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Major health organizations recommend that infants breastfeed for the first two years of life; however, breastfeeding rates for children at 12 months of age are below 20 percent in most industrialized countries. Much of the public health messaging surrounding the benefits of breastfeeding have focused on improved health outcomes for infants. Findings of a new report show that mothers benefit from breastfeeding as well by experiencing reduced cardiovascular disease risk later in life.

Breastfeeding produces many physiological and psychological effects for the mother, many of which are facilitated by the release of hormones such as oxytocin. Previous research has demonstrated that oxytocin has beneficial effects on the cardiovascular system, including lowering blood pressure, improving glucose tolerance, increasing antioxidant capacity, resolving inflammation, and reducing body fat stores. However, additional large-scale studies are needed to better understand how breastfeeding affects mothers long-term.

The authors conducted a systematic review and meta-analysis. First, they searched the scientific literature for studies observing the effects of breastfeeding duration on one or more markers of cardiovascular disease risk. Next, they filtered their results based on a set of criteria designed to identify studies of high quality. Finally, they combined data from these high-quality studies and reanalyzed it so they could interpret the results on a large scale.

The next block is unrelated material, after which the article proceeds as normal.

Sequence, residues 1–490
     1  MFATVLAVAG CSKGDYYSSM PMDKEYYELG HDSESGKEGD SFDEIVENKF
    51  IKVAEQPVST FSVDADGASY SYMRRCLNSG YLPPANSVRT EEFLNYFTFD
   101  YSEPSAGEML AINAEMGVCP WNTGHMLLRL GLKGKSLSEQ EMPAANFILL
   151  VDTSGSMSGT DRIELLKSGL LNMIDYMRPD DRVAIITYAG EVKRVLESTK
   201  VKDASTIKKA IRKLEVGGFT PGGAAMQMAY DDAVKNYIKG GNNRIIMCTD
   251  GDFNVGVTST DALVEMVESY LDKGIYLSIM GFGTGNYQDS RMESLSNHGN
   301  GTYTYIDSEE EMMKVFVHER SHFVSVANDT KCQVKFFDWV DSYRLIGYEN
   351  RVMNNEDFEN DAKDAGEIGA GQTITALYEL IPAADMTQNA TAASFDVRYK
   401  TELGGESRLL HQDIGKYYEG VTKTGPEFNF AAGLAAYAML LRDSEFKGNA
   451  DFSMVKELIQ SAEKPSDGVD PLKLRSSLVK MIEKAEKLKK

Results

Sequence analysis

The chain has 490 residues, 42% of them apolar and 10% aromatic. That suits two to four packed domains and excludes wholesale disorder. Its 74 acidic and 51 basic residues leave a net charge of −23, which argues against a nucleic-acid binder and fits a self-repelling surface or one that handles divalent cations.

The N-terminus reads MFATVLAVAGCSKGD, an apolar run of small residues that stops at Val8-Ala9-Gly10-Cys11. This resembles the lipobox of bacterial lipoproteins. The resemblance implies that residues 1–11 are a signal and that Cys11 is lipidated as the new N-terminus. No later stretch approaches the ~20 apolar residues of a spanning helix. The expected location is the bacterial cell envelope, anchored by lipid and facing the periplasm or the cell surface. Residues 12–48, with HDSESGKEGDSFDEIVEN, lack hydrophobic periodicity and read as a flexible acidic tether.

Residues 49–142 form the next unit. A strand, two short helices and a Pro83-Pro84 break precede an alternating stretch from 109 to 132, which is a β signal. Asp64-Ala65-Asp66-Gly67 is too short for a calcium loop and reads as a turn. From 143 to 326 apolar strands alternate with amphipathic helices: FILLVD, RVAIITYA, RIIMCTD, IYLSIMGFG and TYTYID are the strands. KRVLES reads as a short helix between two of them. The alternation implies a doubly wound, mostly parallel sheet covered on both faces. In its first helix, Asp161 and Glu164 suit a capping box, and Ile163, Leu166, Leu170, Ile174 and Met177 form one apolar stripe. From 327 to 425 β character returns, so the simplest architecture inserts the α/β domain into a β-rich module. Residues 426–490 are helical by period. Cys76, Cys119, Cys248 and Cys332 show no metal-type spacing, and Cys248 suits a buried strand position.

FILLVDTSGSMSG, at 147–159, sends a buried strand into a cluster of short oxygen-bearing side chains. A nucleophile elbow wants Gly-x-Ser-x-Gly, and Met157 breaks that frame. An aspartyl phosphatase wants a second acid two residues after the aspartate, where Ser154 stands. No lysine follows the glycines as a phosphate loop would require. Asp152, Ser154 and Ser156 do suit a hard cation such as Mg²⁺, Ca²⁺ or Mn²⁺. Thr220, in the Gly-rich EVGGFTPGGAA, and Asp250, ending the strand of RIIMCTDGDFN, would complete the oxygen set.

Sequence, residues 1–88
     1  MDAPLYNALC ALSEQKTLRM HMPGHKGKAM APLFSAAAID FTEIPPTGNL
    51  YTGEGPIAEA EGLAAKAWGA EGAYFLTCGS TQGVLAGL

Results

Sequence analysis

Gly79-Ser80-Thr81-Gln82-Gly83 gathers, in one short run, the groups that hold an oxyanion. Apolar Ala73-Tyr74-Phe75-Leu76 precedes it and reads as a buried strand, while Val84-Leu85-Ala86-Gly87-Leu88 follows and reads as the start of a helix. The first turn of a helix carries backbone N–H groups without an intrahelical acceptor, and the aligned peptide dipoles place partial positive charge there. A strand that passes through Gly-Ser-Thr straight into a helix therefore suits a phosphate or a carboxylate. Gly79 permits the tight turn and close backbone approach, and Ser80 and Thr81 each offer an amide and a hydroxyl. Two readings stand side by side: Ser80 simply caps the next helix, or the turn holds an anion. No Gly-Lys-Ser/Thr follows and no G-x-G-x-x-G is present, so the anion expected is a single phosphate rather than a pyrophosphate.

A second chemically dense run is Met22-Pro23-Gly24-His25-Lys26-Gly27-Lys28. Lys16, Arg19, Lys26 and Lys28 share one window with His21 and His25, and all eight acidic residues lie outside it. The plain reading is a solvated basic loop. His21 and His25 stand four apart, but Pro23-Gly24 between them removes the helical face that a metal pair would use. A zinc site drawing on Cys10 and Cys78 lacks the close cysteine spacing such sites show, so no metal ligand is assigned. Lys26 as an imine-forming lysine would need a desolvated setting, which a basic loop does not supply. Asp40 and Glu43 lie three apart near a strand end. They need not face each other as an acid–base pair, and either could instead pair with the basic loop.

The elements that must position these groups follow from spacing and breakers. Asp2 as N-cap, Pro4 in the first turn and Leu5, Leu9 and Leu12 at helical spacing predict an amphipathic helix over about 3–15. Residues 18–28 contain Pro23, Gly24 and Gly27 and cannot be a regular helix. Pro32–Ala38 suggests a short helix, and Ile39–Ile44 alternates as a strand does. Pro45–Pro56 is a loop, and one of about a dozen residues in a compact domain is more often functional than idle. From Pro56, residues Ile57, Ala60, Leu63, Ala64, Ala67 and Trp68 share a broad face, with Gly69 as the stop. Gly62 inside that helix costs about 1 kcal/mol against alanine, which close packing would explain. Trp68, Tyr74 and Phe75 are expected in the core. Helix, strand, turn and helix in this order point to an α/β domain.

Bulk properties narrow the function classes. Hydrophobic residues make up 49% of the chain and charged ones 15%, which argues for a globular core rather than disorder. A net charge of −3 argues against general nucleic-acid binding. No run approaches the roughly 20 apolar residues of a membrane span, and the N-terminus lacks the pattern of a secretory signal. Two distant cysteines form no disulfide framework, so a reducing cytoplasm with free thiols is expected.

The systematic review yielded eight relevant studies that included over one million mothers (average age, 51 years). Mothers who breastfed for any length of time had an 11 percent lower cardiovascular disease risk, 14 percent lower coronary heart disease risk, 12 percent lower stroke risk, and 17 percent lower risk of cardiac death compared to mothers who never breastfed. These results were dose-dependent, meaning that the reduction in disease risk increased as the length of breastfeeding increased, but only up to 12 months. Additional long-term data are needed to determine if breastfeeding longer than 12 months provides additional cardiovascular disease risk-lowering benefits.

The results of this large-scale meta-analyses provide evidence that breastfeeding reduces risk for multiple cardiovascular diseases in a dose-dependent way, although additional data are needed to understand the cardiovascular benefits of breastfeeding beyond 12 months.

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